The root of the neo-liberal approach lies in the unholy alliance between the Austrian tradition and neoclassical economics (p 540). To reverse this we may return to the non-committal nature of welfare economics. Moreover it is necessary to recognize that the market is a legal and economic arrangement, which is constituted partially by the state. By submitting that the de-politicization of the market is impossible and potentially corruptive for democracy, Chang meets Sandel who argues that in order to discover which are the pragmatic and normative limitations of the markets we should engage in empirical research and moral inquiry. In other words the issue of the relation of the markets and the state cannot be settled, unless we discuss how do we want to live, as Sandel puts it. Chang’s urge to politicize the issue goes hand in hand with a request for moral assessments concerning which societal values and to what extent could be satisfied by the state or the market. Nonetheless, even though Chang concedes that politicizing the market may prove unnecessary and inefficient (p. 551), he does not give us any hints on how to avoid unnecessary deliberations.

    Be that as it may the contribution of the article lies on IPE’s offering a more comprehensive conceptual framework to analyze the market and the state. Specifically, it accepts the complexity of the market and the constitutive role of the state regarding its forming (552-553), the dialectic relationship between individuals and institutions (553-554), and the political nature of market (555-557). However, this last point is the one that poses the most demanding questions and Chang does not offer any further guidance in this respect. In addition, his emphasis on the political element ignores the moral dimension of the issue and may imply that the solution could be found in procedural rules (e.g. a majoritarian rule of decision-making) or in political decisions, which could be always criticized as arbitrary or subjective. At this point, I think, we could borrow some useful tools from moral philosophy.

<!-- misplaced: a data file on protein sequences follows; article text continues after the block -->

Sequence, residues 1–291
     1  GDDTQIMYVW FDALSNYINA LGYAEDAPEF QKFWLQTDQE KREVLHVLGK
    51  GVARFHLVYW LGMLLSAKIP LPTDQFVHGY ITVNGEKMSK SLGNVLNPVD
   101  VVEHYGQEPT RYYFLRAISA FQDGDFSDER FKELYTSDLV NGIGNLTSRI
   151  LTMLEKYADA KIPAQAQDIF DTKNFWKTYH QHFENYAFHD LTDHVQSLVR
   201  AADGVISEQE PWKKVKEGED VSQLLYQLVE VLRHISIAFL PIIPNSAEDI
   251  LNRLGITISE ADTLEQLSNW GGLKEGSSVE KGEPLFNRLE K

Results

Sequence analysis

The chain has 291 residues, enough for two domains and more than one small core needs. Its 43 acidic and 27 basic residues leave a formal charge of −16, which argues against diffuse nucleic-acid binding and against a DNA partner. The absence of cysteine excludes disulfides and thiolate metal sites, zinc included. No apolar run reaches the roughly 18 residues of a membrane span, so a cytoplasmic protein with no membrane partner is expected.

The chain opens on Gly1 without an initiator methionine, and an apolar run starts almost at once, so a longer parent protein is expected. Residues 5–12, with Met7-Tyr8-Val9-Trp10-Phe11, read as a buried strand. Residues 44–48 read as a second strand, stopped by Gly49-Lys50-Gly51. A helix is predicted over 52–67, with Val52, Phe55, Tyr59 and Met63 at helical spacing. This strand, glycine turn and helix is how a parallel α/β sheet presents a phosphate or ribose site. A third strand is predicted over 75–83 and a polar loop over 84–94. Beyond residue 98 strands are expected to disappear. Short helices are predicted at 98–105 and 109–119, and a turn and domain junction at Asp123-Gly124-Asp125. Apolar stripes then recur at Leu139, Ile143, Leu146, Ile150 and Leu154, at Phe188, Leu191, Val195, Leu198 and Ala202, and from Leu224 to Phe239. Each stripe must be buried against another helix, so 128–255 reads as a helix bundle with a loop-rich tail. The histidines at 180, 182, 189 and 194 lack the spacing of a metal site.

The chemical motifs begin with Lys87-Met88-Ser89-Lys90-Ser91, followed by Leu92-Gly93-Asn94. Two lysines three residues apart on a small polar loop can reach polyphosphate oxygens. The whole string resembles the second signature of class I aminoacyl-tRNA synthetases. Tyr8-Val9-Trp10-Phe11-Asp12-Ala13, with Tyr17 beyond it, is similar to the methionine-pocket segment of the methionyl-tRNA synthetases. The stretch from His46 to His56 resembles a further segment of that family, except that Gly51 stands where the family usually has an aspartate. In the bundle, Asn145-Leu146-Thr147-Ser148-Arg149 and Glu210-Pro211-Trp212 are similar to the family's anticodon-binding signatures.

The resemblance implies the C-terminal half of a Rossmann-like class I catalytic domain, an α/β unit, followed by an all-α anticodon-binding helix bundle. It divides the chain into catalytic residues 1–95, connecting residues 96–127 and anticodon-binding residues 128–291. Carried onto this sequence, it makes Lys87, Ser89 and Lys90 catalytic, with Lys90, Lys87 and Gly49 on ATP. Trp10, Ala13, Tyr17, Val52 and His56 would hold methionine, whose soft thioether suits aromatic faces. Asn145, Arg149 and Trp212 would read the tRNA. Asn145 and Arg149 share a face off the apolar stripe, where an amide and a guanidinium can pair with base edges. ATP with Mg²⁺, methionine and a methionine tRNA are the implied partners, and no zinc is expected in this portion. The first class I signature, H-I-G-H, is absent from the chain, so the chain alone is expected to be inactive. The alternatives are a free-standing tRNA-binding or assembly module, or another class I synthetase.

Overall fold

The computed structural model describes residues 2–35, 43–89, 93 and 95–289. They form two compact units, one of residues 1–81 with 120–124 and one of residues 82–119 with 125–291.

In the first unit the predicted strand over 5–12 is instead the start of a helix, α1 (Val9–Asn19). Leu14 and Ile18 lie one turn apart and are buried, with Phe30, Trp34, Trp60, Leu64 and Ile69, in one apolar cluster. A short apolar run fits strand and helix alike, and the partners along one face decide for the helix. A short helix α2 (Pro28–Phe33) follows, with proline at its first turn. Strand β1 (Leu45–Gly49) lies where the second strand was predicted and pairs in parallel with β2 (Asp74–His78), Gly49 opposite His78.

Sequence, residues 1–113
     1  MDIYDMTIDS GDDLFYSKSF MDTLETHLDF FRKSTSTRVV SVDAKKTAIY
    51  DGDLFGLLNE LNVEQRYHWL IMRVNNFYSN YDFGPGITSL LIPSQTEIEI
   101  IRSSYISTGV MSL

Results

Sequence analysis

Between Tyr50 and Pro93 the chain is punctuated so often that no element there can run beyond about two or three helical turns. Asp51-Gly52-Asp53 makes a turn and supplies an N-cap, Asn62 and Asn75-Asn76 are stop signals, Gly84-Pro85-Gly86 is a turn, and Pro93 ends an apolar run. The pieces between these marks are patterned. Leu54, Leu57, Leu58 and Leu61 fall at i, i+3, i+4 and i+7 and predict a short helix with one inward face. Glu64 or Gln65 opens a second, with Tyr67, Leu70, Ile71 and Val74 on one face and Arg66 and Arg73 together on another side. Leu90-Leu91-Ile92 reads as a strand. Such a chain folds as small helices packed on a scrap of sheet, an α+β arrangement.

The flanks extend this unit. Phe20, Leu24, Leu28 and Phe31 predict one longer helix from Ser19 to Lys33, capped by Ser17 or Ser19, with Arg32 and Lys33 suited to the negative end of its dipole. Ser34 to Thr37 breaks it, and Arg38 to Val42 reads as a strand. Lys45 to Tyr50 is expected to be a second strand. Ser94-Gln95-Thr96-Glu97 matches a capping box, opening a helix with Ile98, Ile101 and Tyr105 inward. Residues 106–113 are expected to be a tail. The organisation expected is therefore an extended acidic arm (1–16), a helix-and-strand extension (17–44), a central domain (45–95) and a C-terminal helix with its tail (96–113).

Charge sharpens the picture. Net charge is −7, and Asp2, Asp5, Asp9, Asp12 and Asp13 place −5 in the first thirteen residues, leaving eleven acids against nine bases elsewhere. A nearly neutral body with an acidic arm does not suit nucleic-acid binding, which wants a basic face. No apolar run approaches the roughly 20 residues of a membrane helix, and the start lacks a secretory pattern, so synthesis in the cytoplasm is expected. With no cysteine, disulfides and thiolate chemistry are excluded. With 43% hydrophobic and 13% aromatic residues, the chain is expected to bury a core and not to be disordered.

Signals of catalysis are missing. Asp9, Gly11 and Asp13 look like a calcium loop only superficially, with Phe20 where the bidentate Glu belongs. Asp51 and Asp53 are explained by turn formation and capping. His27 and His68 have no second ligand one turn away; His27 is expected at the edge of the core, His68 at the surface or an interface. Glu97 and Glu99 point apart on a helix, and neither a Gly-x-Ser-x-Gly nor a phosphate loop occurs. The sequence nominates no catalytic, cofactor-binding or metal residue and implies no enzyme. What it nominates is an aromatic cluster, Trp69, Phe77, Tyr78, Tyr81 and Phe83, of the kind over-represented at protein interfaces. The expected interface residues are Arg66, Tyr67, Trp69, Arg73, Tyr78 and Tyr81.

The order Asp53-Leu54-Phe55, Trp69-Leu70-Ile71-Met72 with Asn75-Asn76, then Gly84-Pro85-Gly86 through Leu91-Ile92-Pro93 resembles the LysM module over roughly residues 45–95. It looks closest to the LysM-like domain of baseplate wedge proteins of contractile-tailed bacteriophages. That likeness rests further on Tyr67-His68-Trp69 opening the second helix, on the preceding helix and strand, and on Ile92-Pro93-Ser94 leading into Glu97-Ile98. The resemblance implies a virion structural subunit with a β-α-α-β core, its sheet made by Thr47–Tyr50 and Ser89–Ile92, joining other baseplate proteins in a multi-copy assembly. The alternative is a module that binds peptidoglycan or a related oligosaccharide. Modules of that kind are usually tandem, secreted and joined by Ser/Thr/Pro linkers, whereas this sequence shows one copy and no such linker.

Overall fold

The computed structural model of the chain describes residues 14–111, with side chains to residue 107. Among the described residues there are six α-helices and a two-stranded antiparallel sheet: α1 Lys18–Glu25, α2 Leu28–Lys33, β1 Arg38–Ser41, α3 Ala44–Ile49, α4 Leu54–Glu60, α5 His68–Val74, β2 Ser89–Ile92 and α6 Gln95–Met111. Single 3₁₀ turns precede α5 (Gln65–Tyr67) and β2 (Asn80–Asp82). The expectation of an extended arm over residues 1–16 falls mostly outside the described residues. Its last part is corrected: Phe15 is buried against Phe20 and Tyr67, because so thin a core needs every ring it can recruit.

8. Alice says:

    Democracy is expensive. I understand democracy as we conceive it in the western world since the XXth century. Streeck’s paper clearly emphasises that the major concern of democratic governments is to find means to finance social rights guaranteed by democracy since the end of the Second World War.
    To date capitalism has proved to be the economic system the most creator of wealth. After the Second World War, democracy and social rights have fully benefited from the unusual wealth created by capitalism. However, when the growth started to critically slow down in the 1970’s, tensions between capitalism and democracy started to unveil. The smaller wealth created by capitalism was not sufficient to finance both capital and social rights. As Streeck shows it, democratic governments started to find substitutes to growth successively through inflation, public debt and private indebtedness/ financial deregulation.
    Streeck stresses that democracy and capitalism operate according to different principles. Capitalism operates according to marginal productivity and democracy is based on social rights as certified by the collective choices of democratic politics. Democracy always puts restrictions to flexibility and freedom in markets, but in period of prosperity, everybody benefits from wealth and social rights are financed without distorting the market. The conflict between capitalism and democracy arose when providing social rights impacts negatively the market.
    Since, growth such as the one during the three post war decades is clearly exceptional, Speeck argues that a lasting reconciliation between social and economic stability in capitalist democracies is an utopian project.